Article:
"In Jim of the Hills C.J. Dennis takes us to the bush-clad hills of Victoria and
introduces "Lonely Jim, the bloke that don't say much". But, having arrived at thirty,
Jim's been doing some thinking:
"Me an' my old dog's been talkin' quite a lot - of love and things:
Weighin' matters; an' we reckon this here love is full of stings . . .
Love an' all that talk, we reckon, is a silly sort of fake -
What's a plain man wantin' further is his wife can wash an' bake?"
"Jim, of course, is heading for a fall for which he'll earn the scorn of his old dog before both
of them are captured by the "vision with the sunlight in her hair."
"First published in 1919, and not since republished, Jim of the Hills reveals in some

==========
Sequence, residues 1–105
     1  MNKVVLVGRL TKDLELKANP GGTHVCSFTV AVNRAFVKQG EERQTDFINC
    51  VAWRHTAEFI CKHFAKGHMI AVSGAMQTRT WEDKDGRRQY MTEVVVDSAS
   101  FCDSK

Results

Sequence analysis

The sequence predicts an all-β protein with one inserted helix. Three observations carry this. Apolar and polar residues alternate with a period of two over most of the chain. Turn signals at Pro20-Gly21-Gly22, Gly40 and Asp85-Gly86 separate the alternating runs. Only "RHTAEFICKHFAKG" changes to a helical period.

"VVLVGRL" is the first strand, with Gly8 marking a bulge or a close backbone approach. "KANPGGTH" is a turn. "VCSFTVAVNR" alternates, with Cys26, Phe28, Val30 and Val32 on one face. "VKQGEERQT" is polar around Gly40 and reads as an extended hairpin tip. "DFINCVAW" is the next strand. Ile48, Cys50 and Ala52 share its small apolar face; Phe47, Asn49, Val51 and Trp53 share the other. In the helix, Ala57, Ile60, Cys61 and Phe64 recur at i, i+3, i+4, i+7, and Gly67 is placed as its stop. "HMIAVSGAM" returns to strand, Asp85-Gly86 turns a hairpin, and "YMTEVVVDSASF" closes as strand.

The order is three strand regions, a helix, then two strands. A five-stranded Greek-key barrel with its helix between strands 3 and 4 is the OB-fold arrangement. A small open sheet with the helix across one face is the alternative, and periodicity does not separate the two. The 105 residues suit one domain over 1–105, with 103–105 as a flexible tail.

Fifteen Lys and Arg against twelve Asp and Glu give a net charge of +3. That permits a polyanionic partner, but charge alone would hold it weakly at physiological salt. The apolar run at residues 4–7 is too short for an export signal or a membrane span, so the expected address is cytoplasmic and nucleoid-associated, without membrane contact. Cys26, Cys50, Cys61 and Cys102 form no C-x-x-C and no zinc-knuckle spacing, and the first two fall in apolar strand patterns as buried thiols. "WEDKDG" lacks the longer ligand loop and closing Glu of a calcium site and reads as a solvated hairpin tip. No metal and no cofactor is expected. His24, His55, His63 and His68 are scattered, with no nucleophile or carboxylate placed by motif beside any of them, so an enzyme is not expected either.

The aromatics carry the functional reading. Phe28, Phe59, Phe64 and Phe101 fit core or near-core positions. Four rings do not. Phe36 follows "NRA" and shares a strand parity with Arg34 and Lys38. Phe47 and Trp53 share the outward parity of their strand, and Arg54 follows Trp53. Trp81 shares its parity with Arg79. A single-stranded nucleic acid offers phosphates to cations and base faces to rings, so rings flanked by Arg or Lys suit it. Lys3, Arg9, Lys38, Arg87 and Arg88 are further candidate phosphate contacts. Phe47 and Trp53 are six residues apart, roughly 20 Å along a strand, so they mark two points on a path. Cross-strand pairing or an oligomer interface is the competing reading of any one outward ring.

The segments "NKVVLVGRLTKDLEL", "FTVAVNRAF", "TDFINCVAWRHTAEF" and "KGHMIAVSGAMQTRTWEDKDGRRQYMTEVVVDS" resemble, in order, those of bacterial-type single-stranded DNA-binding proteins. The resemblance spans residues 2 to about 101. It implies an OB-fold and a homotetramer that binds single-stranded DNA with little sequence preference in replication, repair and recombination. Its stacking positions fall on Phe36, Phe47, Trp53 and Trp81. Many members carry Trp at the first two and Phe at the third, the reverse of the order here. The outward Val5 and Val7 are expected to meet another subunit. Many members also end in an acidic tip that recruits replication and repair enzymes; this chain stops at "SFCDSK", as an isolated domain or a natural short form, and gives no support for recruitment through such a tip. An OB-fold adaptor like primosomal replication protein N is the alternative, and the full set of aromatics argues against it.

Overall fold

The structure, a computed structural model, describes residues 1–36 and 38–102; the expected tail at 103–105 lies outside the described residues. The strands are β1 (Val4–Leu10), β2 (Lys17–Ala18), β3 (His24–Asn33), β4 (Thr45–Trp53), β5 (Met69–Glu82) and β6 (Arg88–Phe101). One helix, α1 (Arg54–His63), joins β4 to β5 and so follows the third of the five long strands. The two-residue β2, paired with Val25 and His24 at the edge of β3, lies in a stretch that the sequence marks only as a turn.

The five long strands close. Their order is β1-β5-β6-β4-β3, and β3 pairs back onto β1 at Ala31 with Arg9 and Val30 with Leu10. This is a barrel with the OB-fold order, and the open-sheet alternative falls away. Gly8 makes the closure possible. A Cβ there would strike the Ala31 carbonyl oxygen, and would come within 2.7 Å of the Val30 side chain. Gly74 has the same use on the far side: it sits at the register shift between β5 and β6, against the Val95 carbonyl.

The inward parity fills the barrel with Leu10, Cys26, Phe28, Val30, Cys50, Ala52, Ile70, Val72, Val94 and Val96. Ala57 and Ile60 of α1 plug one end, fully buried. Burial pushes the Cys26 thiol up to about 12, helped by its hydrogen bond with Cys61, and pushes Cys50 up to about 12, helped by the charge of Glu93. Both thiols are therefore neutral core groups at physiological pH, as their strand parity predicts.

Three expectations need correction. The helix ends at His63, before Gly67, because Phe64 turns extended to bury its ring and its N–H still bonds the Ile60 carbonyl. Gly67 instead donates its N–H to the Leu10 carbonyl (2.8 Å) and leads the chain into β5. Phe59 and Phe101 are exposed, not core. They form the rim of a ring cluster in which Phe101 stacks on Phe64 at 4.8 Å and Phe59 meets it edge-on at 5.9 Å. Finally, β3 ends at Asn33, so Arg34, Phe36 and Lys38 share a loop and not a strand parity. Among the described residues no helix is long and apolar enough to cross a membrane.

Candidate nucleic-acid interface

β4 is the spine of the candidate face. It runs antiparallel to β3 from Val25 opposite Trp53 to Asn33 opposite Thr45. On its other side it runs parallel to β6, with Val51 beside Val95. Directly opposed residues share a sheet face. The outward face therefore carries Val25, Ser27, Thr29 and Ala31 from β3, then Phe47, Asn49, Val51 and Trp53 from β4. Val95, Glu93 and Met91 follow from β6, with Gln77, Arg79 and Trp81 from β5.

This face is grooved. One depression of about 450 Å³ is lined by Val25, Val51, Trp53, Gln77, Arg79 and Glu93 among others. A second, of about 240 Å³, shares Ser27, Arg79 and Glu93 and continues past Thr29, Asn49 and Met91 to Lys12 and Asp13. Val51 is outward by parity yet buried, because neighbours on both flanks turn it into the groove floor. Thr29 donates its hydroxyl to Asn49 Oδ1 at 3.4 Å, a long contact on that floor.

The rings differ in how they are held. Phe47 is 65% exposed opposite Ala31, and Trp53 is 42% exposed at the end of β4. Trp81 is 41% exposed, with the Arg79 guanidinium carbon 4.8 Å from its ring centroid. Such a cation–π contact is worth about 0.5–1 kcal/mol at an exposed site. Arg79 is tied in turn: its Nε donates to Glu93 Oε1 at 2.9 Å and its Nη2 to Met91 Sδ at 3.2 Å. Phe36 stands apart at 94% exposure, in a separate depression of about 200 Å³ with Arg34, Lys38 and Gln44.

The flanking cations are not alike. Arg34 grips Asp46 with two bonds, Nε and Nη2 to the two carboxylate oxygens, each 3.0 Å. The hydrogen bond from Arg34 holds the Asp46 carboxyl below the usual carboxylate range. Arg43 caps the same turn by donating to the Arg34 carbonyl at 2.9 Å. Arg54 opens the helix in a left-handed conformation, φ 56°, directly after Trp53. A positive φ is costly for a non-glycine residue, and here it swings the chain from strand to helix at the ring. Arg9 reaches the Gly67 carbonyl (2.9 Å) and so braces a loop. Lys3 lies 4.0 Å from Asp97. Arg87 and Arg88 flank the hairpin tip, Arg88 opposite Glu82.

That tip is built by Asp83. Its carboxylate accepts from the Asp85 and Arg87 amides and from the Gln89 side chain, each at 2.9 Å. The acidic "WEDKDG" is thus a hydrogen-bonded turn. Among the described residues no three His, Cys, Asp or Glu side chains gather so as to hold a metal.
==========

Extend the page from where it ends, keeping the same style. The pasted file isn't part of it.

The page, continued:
measure Dennis's reaction to the world around his home at Toolangi in the hills near
Melbourne. The birds, the trees, the work of the timbermen and the menace of forest fires -
all were recorded in this warm and wryly romantic story in verse."
From the Angus & Robertson hardback edition, 1983.
Dennis dedicated the book to his publisher, George Robertson. He discussed his plans to do this in a
letter to George Robertson,
dated 2nd October 1919.